another brutal winter this year, so we’re all starting to get ready. Shoe grips for the ice, check! Car anti-freeze, check! Boiler service,
check! Woolly tights and big
jumper, check and double check.
And don’t forget bird food and feeders.
If you spent any time along
the Lagan during the height of the snow and ice last winter, you’ll know how
desperate the conditions were for birds, particularly small seedeaters like the
tit family and sparrows. Every
source of food and water was either frozen over or picked clean. Realising birds faced a life and death
crisis, the Lagan Valley volunteers and team placed feeders all along the
towpath. Robins, blackbirds and
finches abandoned their usual wariness around humans to flock to these life saving
Now we’re bracing ourselves
for a repeat. Which is why, for
all of us, feeding favourite garden birds (including seasonal visitors from the
Arctic) is so critical. This is
the urgent message the RSPB is getting out for their annual Feed The Birds Day
Cold feet and empty tummies - Christmas Day 2010 was pretty grim for birds.
Come dine in my garden
Last winter, and the one
before, garden feeders saved numerous bird lives. Without a lot of effort involved. It’s actually amazingly inexpensive and easy to keep birds
happy. Hosting a bird garden party
needn’t mean fancy nuts ‘n seed combos – common household leftovers make great
bird fare. Like those leftover porridge oats at the bottom of the bag, those
chopped nuts that never got used, apples going a bit brown.
Birds will repay your
kindness by bringing much enjoyment and pleasure – so welcome during the
darkest days of winter. Put out
food and wee bluetits, coaltits and sparrows will definitely come flocking. And
in the case of blackbirds and the mistle thrush – singing!
Nope, no grub anywhere as far as I can see.
Kids in particular, love
feeding birds, so it’s a great project for families and schools. Feed The Birds Day is about much more
though; it’s a timely reminder to appreciate and care for the wildlife on our doorsteps.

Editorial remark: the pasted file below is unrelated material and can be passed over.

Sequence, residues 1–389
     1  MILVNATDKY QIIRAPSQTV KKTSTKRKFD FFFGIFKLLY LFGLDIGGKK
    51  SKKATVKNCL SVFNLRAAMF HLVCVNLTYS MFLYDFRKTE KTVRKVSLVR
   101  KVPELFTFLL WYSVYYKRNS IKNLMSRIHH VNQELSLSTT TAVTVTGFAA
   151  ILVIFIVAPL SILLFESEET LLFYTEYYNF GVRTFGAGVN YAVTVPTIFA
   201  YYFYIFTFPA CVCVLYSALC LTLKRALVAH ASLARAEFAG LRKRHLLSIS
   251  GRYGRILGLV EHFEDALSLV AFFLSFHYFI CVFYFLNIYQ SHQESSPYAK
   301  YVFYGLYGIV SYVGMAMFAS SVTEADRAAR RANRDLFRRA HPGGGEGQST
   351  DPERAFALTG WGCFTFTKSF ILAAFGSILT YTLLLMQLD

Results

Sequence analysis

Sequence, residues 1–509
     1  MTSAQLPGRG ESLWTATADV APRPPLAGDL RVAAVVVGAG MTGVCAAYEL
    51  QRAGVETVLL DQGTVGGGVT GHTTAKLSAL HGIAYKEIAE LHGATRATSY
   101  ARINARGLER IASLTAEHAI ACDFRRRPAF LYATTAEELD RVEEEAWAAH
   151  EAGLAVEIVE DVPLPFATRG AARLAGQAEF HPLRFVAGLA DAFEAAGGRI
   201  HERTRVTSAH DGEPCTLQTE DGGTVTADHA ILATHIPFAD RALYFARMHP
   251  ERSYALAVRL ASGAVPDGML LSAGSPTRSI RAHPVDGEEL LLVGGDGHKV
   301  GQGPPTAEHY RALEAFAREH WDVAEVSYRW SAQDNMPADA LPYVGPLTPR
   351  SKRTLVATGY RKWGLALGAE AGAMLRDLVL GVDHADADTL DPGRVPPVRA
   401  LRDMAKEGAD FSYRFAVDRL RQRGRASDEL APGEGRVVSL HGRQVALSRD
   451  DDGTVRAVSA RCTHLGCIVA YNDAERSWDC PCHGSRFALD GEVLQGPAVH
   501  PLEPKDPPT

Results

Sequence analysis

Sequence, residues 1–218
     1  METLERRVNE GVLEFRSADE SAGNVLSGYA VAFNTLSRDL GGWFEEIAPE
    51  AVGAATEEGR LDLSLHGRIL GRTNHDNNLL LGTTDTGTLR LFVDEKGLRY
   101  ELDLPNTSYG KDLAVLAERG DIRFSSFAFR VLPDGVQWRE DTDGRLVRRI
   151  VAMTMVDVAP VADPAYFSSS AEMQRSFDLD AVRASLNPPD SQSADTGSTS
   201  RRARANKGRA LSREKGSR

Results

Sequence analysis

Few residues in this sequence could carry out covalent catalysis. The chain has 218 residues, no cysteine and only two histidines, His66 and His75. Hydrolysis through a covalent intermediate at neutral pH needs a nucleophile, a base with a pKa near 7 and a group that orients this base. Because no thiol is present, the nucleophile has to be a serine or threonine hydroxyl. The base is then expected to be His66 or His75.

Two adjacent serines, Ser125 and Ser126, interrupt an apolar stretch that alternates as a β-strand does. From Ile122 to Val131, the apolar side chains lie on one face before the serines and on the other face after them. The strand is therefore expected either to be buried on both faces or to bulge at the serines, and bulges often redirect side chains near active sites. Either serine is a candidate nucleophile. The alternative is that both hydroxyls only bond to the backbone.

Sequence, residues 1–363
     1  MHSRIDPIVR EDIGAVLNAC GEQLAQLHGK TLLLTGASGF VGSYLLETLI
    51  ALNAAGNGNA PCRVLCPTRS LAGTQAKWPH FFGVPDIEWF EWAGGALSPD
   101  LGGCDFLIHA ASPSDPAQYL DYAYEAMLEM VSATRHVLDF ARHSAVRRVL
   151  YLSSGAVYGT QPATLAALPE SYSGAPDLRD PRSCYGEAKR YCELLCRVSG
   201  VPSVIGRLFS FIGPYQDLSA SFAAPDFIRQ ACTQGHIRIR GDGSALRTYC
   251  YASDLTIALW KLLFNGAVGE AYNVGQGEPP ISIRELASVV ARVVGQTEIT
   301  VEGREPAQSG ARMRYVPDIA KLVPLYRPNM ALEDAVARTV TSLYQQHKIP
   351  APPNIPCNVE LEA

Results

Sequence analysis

There are a few simples dos and don'ts, so before you set up your bird cafe, make life easy and find out more. Visit the RSPB website rspb.org.uk/feedthebirds for oodles of great tips. Call into the RSPB headquarters next time you are take a weekday meander through Belvoir Park. You'll find a good selection of food, feeders and information leaflets. Or best of all, find out in person and have a fun day out while you're at it!
Feed The Birds Events The RSPB has cooked up two
full weekends dedicated to Feed The Birds Day at the Ulster Museum, October
15-16 and 22-23. If you’ve ever seen birds in distress in your ice-bound garden and
wondered what you can do for them, the RSPB has the answer. Expert
beak geeks will be
dishing up advice and menu ideas to help attract feathered friends to your
garden and bring them winter cheer.
They’ll be running workshops all day, giving talks and doing cookery
lessons. It’s free and everyone is
Not peckish anymore! RSPB's Colin Graham and friends at IKEA last weekend dining with some human beings! (Lynn Campbell from IKEA and her daughter Maya)
To learn about other events
around Northern Ireland, visit the RSBP site – details above.
This year, as you go through
your pre-winter checklist – don’t forget the birds! Mark your calendar.
Feed The Birds Day is Saturday October 29. Maybe it should be everyday.
Photos taken last year along the Lagan by Tony Dignan and last week at IKEA by the RSPB
along the Lagan is getting a major boost, with the arrival of a new Lagan
Valley Bird Conservation Officer, the RSPB’s Michael McLaughlin.
Michael McLaughlin TABLES GIANT BIRD conservation plans
The conservation programme is an important strand of
Laganscape, which is making the most of the natural and historic diversity
along the Belfast to Lisburn stretch of the Lagan – and winning awards.
RSPB’s Lagan programme began life as a survey conducted by
the RSPB’s Kevin Mawhinney a few years ago. Kevin identified the most vulnerable bird species within the
Park and recommended measures to help their recovery. (Get the full story on the home page of this On the Lagan blog
site including information about each of the targeted birds.)
Now in its third year, the conservation programme is making
great progress towards its targets, even exceeding some!
Des res for nesting
birds Phase 1 focused on nest boxes for barn owls, house sparrows, swifts
and spotted flycatchers, as well as tunnels along the riverbanks for nesting kingfishers. Michael’s predecessor Nicole Robinson
made real strides on this front, working closely with key landowners along the
Lagan, such as the National Trust and the Agricultural and Food Biosciences
Institute, (AFBI) and forming important relationships along the way. With help from LVRP volunteers and
local landowners, much of the groundwork of creating more nest sites has now